Keith Arvanitis, regional director of Amistad’s Midcoast division, stands behind a table of free resources including hygiene supplies, food, and Naloxone. The table will be outside the Bath Area Food Bank every Thursday this month from 11 a.m. to 2 p.m.  Photo courtesy of Amistad

BATH — A local group will be distributing free hygiene items, food and a life-saving drug for opioid overdoses Thursday in Bath for those struggling with substance use disorder, mental illness and chronic homelessness.

Amistad’s Peer Learning Community will be distributing naloxone, a medication used to reverse the effects of opioid overdose, as well as training on how to administer it.

The resource table will be placed outside the Bath Area Food Bank at 807 Middle St. every Thursday this month from 11 a.m. to 2 p.m.

Keith Arvanitis, regional director of Amistad’s Midcoast division, said the nonprofit created the table of free resources because their offices have been closed during the COVID-19 pandemic.

“Right now there’s no place for people can go to for these supports, so we felt the need to come into the community,” he said. “Connection is what is most important, especially when seeking support and sustaining treatment.”

Arvanitis said offering people free naloxone during the pandemic may be especially helpful because the shut down can create stressors related to health, finances and where their next meal will come from.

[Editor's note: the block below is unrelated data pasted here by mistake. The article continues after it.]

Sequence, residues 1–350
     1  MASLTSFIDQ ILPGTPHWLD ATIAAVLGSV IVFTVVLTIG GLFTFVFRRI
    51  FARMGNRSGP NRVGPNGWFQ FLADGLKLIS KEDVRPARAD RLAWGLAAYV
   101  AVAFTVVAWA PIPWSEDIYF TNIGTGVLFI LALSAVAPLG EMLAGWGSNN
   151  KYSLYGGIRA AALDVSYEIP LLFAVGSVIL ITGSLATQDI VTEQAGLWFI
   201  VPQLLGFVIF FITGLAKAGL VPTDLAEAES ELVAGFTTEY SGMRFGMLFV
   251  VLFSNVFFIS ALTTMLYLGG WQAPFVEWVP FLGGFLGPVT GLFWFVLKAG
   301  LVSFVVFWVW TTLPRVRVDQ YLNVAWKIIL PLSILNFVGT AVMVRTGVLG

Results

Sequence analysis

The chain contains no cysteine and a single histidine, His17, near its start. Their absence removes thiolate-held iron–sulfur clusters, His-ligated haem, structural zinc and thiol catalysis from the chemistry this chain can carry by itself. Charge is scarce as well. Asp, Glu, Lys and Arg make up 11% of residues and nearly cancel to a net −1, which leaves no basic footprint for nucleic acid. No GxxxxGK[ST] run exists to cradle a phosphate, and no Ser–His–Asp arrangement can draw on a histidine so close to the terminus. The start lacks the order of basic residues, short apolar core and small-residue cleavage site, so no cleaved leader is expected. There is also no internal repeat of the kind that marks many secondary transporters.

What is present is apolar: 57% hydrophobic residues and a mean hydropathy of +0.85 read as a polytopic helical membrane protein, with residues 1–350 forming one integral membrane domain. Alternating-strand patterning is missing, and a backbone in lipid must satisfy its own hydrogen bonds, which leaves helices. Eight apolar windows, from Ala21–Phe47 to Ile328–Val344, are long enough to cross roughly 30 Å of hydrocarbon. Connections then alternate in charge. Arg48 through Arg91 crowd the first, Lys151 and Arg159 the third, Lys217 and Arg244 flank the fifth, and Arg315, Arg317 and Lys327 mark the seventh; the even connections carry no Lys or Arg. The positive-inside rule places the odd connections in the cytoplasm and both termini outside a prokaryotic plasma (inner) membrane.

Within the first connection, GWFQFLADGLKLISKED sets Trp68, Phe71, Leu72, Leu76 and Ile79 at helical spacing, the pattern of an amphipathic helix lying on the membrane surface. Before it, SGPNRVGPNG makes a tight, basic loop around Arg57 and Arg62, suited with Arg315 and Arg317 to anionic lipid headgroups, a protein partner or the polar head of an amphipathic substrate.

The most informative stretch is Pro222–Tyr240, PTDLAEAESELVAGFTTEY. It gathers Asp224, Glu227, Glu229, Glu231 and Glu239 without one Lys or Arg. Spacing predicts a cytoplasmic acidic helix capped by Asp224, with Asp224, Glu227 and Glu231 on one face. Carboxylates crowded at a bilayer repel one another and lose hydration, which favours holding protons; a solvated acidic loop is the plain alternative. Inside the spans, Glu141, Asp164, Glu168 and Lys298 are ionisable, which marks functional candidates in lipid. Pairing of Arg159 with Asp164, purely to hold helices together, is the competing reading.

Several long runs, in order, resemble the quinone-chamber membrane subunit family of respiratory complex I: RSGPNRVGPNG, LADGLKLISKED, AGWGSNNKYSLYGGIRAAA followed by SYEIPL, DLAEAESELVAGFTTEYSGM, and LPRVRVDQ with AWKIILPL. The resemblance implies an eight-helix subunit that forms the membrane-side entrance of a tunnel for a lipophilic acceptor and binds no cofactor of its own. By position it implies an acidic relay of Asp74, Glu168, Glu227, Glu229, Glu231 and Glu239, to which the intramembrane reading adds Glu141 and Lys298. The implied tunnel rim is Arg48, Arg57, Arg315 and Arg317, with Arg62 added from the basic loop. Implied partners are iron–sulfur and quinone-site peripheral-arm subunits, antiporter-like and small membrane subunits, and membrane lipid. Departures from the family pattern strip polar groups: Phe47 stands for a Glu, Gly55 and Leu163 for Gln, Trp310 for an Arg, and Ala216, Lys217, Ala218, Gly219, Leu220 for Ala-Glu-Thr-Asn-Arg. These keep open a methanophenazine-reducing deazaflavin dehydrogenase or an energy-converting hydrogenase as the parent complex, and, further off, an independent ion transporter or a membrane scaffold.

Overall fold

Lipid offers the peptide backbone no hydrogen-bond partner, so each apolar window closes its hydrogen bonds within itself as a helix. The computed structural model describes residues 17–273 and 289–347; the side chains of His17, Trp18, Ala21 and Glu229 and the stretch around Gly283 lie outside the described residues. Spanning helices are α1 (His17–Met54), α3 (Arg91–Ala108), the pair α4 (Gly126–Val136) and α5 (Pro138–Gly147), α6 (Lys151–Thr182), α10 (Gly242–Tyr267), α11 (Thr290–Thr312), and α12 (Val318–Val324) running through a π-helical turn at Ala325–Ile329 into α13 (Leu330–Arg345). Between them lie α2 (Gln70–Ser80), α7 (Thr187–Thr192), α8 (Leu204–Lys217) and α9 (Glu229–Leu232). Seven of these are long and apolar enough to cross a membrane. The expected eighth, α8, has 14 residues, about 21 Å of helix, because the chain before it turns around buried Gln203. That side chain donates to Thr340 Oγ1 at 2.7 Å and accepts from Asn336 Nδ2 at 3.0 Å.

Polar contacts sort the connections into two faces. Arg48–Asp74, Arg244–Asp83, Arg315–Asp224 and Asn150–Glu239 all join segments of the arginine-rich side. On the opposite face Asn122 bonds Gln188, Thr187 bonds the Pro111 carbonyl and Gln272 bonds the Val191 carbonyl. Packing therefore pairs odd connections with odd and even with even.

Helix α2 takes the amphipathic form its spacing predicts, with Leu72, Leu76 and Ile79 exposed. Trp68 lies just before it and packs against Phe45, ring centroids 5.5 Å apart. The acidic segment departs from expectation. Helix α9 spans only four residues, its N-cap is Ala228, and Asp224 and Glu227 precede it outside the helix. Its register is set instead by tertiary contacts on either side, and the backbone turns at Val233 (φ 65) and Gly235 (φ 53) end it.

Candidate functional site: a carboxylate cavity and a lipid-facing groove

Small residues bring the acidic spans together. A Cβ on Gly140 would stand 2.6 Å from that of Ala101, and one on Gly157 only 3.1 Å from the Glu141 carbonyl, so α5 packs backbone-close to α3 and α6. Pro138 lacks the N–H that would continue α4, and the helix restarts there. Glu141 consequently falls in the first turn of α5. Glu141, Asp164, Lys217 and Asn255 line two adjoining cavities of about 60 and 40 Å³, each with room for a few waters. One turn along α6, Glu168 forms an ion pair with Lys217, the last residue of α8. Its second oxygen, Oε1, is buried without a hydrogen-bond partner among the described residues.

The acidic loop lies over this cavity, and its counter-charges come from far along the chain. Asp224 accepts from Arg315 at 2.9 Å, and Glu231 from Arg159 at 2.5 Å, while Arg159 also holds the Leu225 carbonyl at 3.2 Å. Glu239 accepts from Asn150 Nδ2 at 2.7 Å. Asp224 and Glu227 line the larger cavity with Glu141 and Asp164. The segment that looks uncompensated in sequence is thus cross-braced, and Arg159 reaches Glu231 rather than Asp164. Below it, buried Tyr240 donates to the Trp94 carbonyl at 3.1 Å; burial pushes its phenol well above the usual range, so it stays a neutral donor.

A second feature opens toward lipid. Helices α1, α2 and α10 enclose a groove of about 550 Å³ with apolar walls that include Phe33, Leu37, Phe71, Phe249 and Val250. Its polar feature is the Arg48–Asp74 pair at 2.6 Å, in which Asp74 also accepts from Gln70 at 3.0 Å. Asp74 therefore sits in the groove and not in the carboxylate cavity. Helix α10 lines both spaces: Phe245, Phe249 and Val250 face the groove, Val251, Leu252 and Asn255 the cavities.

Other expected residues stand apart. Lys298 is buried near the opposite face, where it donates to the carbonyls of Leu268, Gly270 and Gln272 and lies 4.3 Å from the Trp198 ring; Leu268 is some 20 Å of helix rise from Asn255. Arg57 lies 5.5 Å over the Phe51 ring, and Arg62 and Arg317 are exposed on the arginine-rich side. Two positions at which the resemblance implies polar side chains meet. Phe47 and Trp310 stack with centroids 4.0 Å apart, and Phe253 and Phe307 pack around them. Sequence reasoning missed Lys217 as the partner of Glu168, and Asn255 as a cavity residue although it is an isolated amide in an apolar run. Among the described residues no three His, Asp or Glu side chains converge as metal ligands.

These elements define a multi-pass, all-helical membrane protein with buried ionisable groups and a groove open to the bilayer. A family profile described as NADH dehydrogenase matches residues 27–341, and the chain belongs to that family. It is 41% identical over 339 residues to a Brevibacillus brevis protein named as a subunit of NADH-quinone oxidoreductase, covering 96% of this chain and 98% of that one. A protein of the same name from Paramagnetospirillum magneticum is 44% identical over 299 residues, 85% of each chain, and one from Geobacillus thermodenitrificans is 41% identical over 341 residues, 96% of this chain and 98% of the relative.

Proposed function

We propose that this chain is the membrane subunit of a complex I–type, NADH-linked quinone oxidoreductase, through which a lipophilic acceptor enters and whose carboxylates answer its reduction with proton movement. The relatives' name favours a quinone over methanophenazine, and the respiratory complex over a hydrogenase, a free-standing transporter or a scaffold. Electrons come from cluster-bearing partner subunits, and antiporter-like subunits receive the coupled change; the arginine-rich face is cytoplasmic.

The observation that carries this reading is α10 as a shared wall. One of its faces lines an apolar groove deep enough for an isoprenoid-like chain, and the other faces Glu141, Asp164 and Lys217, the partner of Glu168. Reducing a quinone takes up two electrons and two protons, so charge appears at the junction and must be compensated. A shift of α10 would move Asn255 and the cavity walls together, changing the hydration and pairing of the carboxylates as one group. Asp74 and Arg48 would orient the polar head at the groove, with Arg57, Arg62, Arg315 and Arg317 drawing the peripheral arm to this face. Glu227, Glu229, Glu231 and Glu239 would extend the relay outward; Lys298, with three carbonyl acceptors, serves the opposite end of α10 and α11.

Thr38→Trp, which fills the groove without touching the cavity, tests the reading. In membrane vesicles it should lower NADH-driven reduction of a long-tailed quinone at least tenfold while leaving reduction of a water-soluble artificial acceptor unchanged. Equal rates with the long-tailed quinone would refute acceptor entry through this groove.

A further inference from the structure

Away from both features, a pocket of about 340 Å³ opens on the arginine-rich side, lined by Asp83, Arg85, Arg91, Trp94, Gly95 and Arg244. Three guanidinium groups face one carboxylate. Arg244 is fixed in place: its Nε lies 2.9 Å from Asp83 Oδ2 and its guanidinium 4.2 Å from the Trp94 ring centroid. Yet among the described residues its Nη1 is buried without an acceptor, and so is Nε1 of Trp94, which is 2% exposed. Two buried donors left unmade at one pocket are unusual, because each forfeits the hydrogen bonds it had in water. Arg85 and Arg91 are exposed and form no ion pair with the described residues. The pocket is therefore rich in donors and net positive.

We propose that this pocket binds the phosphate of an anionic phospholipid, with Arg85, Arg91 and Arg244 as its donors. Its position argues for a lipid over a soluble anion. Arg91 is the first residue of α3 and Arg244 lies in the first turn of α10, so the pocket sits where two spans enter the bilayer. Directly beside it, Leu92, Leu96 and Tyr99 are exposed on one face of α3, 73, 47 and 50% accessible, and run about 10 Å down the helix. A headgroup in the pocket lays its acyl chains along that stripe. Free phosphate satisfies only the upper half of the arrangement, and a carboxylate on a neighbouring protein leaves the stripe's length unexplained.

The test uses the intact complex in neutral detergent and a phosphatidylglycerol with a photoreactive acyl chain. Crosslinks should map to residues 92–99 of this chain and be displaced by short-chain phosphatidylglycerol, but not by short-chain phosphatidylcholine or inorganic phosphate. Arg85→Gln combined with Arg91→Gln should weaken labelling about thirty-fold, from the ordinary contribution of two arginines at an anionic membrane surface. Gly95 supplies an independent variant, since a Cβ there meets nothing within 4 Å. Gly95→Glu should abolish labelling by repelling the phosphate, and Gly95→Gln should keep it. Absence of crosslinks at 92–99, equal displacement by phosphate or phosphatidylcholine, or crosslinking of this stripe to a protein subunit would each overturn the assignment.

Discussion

“For someone who is caught in the cycle of addiction, those are some big stressors that could cause a relapse or perpetuate addiction,” he said.

The center has connected with over 40 people in the Bath and Brunswick area in the past two weeks, according to Arvanitis.

In the US, drug overdose deaths declined from 70,000 in 2017 to 68,000 in 2018, a 3% decrease, according to the National Institute on Drug Abuse. Maine saw a more significant dropoff in overdose deaths, going from 417 in 2017 to 354 in 2018.

There were eight overdose deaths in Sagadahoc County last year, according to Melissa Fochesato, Mid Coast Hospital director of health promotion.

In the Medicaid program, Maine went from 351 naloxone prescriptions in 2017 to 735 in 2018, the Portland Press Herald reported.

In 2018 Maine passed a law that allows people to buy naloxone at pharmacies without a prescription.

“Naloxone saves lives and is an important tool in our fight against Substance Use Disorder,” said Dr. Leah Bauer with Mid Coast Hospital’s Addiction Resource Center. “While it is not a substitute for treatment, it can give people fighting substance use disorder a second chance by reviving them from an impending overdose and providing a window of opportunity to begin treatment. For this reason, we feel it is important that there is a large amount of Naloxone available in our community.”

Arvanitis said anyone is welcome to take a naloxone kit and receive training on how to use it.

“You don’t have to be someone in active use,” he said. “You could be a relative, friend or neighbor. Ultimately, just we want to save lives.”

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